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The Métis in Western Canada: O-Tee-Paym-Soo-Wuk

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The BeginningsThe People and Their CommunitiesCulture and Lifeways
Western Settlements

During the fur trade, communities of wage employees, voyageurs, and hunters and trappers and their families surrounded trading posts. This practice began in the posts on the Bay, where fur trade families did not officially exist, but lived outside the post, as members of the "House" Indians. Over time, these communities grew, in the same way the Great Lakes Métis communities developed. By the mid-nineteenth century, some of the larger posts were spawning more communities. Fort Ellice, Fort Carlton and Fort Pitt had a connection to the Aboriginals in the nearby reserves. Through the work of missionaries, Fort Edmonton, a larger centre, had set up communities for the Aboriginals in the area, including the mission colony at Pigeon Lake. They also assisted the Métis at Lac Ste Anne and St. Albert in settling down into an agricultural life. There were also similar communities at Lac la Biche and Lesser Slave Lake, at Fort McMurray and Fort Chipewyan.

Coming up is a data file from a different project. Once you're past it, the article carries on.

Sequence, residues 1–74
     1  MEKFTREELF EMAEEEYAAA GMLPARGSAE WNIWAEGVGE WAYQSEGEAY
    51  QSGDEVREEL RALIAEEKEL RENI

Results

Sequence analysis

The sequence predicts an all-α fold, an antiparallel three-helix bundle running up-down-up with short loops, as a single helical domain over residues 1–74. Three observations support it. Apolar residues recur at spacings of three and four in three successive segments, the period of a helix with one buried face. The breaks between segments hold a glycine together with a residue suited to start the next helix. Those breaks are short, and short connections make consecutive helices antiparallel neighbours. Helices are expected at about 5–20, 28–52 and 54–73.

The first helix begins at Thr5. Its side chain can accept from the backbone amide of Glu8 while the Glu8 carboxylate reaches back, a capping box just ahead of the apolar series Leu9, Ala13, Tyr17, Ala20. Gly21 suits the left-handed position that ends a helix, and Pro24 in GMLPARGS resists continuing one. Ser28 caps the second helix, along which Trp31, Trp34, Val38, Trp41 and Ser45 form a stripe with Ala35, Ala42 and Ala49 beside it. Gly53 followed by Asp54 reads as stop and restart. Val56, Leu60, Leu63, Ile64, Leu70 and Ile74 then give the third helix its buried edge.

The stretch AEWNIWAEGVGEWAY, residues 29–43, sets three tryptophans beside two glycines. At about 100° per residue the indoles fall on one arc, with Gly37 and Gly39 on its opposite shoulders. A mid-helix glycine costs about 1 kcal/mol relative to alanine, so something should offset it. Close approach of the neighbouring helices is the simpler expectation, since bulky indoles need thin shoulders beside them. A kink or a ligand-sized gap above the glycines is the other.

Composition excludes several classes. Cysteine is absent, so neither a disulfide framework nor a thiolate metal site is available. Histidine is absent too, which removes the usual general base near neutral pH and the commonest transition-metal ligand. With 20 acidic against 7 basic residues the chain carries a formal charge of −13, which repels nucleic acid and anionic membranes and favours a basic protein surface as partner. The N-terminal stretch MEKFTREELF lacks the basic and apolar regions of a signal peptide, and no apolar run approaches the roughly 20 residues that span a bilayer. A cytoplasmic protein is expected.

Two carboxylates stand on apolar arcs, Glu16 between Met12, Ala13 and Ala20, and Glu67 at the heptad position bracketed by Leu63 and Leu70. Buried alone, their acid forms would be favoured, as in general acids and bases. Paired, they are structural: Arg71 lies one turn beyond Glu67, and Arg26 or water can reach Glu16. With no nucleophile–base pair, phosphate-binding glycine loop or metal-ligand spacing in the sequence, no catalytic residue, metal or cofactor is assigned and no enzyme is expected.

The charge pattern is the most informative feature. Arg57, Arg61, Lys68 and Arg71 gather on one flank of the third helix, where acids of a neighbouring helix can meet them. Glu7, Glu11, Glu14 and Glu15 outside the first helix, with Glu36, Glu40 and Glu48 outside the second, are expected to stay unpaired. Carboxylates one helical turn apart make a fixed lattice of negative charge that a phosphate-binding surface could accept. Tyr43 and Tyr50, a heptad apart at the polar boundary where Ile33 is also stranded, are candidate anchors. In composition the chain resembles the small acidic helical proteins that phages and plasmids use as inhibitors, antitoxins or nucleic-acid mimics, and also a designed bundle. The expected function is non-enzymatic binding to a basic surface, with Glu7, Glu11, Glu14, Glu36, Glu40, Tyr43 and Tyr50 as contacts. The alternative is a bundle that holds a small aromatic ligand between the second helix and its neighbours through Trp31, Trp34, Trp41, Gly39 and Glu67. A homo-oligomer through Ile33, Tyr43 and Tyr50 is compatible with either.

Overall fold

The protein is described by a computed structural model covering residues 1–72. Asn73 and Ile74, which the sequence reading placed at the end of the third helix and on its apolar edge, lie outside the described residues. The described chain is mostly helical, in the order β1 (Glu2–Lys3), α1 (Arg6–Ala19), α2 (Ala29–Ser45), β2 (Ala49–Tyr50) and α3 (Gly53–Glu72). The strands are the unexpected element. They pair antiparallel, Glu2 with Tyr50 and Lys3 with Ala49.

The prairie forts, Ellice, Carlton, Pitt and Edmonton, were part of the provisioning trade, and their communities were attached to the buffalo hunt. Both Peter Erasmus and Norbert Welsh described a setting on the plains where small family groups would join together and link up with Aboriginal bands. Father Lacombe, talking about later movements, described the families from Victoria and St. Paul de Métis flooding south to hunt buffalo, in a long-held seasonal pattern.

Buffalo hunters pressed into the plains from Red River and the Assiniboine, moved south onto the plains from Carlton, Pitt and Edmonton. As the distances increased, the buffalo hunters established communities on the plains. Peter Erasmus described a very large camp at Beaverhill Lake, a short distance southeast of Edmonton. As the buffalo strayed further away from settlements, the buffalo hunters began to set up around Buffalo Lake and Tail Creek, east of the Red Deer River crossing.

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Liens Rapides

Life at Red River

Western Settlements

Buffalo Hunting

Agriculture

Fishing

Métis Traders

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